The first seven sessions of the 2016-17 Court of Appeals term yielded 12 new cases granted by the Court (see Part 1 and Part 2 of my preview). The April and May Sessions kept up the slow grant pace, with 4 grants in April and 1 in May. Here’s a brief rundown of those cases.
April Session Grants
Matter of People of State of New York v Juarez, 143 AD3d 589 (1st Dept 2016)
Question presented: Whether the People can subpoena a reporter who interviewed a murder defendant while in jail to testify and produce her notes from the interview and overcome the qualified protection for a journalist’s nonconfidential material under Civil Rights Law § 79–h(c).
Mahoney v Brockbank, 142 AD3d 200 (2d Dept 2016)
Question presented: Whether, pursuant to CPLR 5002, prejudgment interest on the award should be computed from the date of the jury verdict on the issue of damages, or instead, from the date of the stipulation on the issue of liability.
Burns v Goyal, 145 AD3d 952 (2d Dept 2016)
Question presented: Whether doctors established entitlement to summary judgment where the patient was advised to stop a prescription for Plavix that had been prescribed by the defendant cardiologist in order to have a kidney biopsy, and the patient then died of a heart attack after going off the medication.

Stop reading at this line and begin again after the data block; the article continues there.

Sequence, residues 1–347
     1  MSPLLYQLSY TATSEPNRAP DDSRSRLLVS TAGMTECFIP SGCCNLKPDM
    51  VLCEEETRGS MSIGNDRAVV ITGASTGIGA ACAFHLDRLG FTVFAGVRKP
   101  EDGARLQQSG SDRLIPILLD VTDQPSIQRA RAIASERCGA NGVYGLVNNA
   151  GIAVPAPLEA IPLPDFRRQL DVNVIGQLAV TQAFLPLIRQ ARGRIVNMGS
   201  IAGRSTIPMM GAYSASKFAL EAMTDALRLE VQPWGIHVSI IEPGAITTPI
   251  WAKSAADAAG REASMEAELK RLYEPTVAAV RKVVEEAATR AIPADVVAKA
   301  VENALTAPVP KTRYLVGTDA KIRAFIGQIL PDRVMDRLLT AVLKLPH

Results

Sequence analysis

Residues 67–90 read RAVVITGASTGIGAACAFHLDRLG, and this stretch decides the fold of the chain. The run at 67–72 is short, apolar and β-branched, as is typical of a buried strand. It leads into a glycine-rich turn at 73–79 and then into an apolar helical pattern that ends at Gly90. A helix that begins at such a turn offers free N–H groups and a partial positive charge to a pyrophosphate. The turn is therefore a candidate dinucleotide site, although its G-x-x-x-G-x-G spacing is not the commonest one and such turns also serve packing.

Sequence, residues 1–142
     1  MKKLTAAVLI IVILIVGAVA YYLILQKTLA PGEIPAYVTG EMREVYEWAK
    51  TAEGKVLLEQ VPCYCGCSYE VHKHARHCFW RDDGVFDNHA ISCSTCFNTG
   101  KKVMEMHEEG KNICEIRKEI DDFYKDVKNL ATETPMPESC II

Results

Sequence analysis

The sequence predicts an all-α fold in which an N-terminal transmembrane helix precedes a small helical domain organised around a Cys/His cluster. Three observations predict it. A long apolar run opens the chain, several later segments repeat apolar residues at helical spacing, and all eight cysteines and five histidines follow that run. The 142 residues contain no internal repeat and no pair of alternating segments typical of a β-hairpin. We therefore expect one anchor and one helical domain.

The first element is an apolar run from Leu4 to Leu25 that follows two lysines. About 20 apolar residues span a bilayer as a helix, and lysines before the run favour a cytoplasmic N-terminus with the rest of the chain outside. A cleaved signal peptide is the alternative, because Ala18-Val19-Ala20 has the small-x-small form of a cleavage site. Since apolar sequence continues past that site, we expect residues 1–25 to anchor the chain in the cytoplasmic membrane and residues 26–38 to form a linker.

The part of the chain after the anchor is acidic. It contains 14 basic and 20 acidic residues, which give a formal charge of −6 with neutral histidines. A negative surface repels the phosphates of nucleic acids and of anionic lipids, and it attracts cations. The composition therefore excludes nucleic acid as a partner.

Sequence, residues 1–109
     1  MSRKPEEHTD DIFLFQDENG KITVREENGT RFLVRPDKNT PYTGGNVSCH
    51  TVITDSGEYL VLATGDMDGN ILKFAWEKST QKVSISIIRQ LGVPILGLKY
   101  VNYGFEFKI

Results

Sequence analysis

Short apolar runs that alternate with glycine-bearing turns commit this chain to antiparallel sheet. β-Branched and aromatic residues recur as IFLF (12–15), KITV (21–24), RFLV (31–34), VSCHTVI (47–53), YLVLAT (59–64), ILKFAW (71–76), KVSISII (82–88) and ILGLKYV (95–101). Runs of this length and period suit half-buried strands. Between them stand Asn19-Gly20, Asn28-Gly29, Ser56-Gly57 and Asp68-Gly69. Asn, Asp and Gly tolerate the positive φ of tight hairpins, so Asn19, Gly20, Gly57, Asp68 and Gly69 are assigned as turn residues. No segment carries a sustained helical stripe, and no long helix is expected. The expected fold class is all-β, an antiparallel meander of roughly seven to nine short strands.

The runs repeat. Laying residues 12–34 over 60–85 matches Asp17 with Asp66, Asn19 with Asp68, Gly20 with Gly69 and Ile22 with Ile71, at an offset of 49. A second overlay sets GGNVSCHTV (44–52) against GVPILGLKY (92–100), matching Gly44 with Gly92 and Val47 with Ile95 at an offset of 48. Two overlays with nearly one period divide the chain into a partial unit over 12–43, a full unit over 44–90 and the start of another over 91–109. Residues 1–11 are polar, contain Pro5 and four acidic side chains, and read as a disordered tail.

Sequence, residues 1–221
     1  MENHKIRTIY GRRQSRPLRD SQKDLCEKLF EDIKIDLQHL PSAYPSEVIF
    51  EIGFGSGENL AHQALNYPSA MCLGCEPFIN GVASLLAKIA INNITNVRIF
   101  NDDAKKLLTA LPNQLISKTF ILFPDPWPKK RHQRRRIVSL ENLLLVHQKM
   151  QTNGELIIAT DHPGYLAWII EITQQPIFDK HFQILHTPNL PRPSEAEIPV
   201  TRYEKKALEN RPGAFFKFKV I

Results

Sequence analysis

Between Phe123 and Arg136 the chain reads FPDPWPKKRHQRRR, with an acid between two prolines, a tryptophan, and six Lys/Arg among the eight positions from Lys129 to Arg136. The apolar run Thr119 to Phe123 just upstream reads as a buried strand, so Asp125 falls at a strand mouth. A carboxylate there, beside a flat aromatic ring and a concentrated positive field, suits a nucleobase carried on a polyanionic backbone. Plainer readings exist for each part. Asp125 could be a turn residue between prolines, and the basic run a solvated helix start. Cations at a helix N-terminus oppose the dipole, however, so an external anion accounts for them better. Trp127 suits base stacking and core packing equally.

Matter of Lemma v Nassau County Police Officer Indemnification Board, 147 AD3d 760 (2d Dept 2017)
Question presented: Whether a Nassau County police officer would be entitled to defense and indemnification from civil liability pursuant to General Municipal Law § 50-l only where the Indemnification Board “determines that the officer acted both within the scope of his or her employment and in the proper discharge of his or her duties.”
May Session Grants
Matter of Sica v DiNapoli, 141 AD3d 799 (3d Dept 2016)
Question presented: Whether the Appellate Division correctly held that the record did not contain substantial evidence to support the Comptroller’s determination that petitioner firefighter’s injuries from being exposed to colorless and odorless gases while responding to an emergency at a supermarket were not the result of an “accident” within the meaning of Retirement and Social Security Law § 363.
Through the end of the May Session, the Court is up to 17 grants out of the 27 total for the 2016-17 term. That leaves the last 10 cases that the Court granted this term for the June Session and Decision Days. It will be a jam-packed final post of this 4 part series. Then I plan to comb through the Clerk’s Office’s New Filings List to find the cases that the Appellate Division granted during the last term, as I continue the preview for the upcoming 2017-18 term of the Court of Appeals.